In life, we often are confronted with problems that were not foreseen. The family farm, all over the country, often is the perfect example. Over the years some members of a family will move away from the farm and make their homes and their lives in other areas; other brothers or sisters remain on the farm assisting in the operation with the parents. Eventually, upon the death or disability of the parents, those siblings that have remained continue to operate the farm. Sometimes things go sideways in the process. If not the first generation maybe the second or third. When there is no official recording of the intent of the farm owner, it can become a very difficult situation.
Sometimes, one heir, whether the one on the farm or the ones who have moved away, will decide that the farm or parts of the farm are more valuable for development or some other use. In cases such as this, the question is who should make such a decision. In some cases, the parents wanted the children who remained and continued the farm operation to but never wrote it into their will or transferred it before their deaths. Other times, family members are satisfied with not being connected to the farm until they have fallen into hard times. This creates a riff among family members.
Often this type situation leads to the sale of the land thus removing that property from agriculture, even when one family member wants to continue as a farmer. This is bad for that individual as well as the farming community. Over the years, we have seen this happen way too often. In some situations, the grandchildren may have never even seen the land, but they have the power to force the sale in order to receive “their” share.
Over the course of the last several years, I have heard tales and seen stories of this happening. That is why I have agreed to work with a consortium of groups that want to provide mediation and advise those who might need help to bring together the parties involved. That coalition is made up of a couple of dozen organizations that operate under the name, Virginia’s United Land Trusts (VaULT). I was approached by Black Family Land Trust, one of the VaULT members, because there are several situations in counties in Southern Virginia. Other members are organizations such as American Battlefield Trust and the Ever Green Team here in our region.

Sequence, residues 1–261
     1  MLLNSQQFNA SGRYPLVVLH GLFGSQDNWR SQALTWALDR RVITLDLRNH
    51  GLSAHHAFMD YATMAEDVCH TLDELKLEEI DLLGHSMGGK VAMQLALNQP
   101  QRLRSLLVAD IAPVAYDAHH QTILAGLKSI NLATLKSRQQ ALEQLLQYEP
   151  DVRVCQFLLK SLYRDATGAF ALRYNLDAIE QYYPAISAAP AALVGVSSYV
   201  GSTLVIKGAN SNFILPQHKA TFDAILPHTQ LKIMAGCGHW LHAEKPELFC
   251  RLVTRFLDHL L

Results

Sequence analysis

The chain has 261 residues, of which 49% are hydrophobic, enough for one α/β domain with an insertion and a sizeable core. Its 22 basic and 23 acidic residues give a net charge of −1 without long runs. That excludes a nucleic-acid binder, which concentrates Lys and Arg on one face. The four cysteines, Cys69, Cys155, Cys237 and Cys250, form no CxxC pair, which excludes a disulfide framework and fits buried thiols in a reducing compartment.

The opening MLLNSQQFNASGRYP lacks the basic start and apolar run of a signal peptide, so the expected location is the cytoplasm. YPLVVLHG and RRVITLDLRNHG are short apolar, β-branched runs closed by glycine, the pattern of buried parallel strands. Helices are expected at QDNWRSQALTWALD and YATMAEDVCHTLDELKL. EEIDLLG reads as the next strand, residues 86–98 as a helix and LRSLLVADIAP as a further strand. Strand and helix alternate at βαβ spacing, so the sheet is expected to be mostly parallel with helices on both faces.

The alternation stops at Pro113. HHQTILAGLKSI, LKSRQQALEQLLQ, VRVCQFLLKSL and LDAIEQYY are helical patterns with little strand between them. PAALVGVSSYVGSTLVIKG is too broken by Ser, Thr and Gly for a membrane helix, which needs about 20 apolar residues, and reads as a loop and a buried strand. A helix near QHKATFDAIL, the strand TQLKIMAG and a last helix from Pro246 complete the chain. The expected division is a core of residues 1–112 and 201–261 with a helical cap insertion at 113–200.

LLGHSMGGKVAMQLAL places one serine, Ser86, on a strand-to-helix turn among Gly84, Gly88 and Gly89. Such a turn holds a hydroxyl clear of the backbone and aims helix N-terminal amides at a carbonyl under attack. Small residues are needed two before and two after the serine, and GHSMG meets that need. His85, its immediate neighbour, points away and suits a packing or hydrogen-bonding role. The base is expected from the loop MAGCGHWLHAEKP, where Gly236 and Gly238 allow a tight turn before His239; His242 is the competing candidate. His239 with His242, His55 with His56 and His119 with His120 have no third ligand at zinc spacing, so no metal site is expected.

The Black Family Land Trust is based in Durham, North Carolina; however, the Executive Director lives in Mecklenburg County. The goal for them and each of the other member organizations is to work with families and individuals to try to work with the parties involved to show a clear path in which they might be able to agree upon, other than selling it or dividing into such small pieces of land that no one wins. In the 2020 session, we hope to pass legislation in Virginia that mirrors what has been passed in South Carolina and Texas. Reports from those states have been positive.
SAYING GOODBYE TO THE PEEBLES STORES
It was announced last week that the corporate owners of the Peebles stores will rename the stores in 2020 after they have remodeled and remerchandised the remaining stores. After this, the chain that had grown to 239 stores will effectively be no more. (The announcement said all but three would be renamed).
This was sad news for this region just as it was sad when the Leggett’s name was replaced by the name Belk’s. The Leggett family and the Peeble’s family offered so much to our region. Those families gave back to so many communities in which they were founded — Lawrenceville, South Boston, Danville and Lynchburg — as well as the many towns in which they operated.
All things change over time. We see this with both the retail business as well as farming and related businesses. That is part of life, however, we must do all we can to protect those businesses that serve our communities. Locally owned and operated businesses give back to the communities in which we live in so many ways.
Frank Ruff represents Lunenburg in the state Senate. His email address is Sen. Ruff@verizon.net.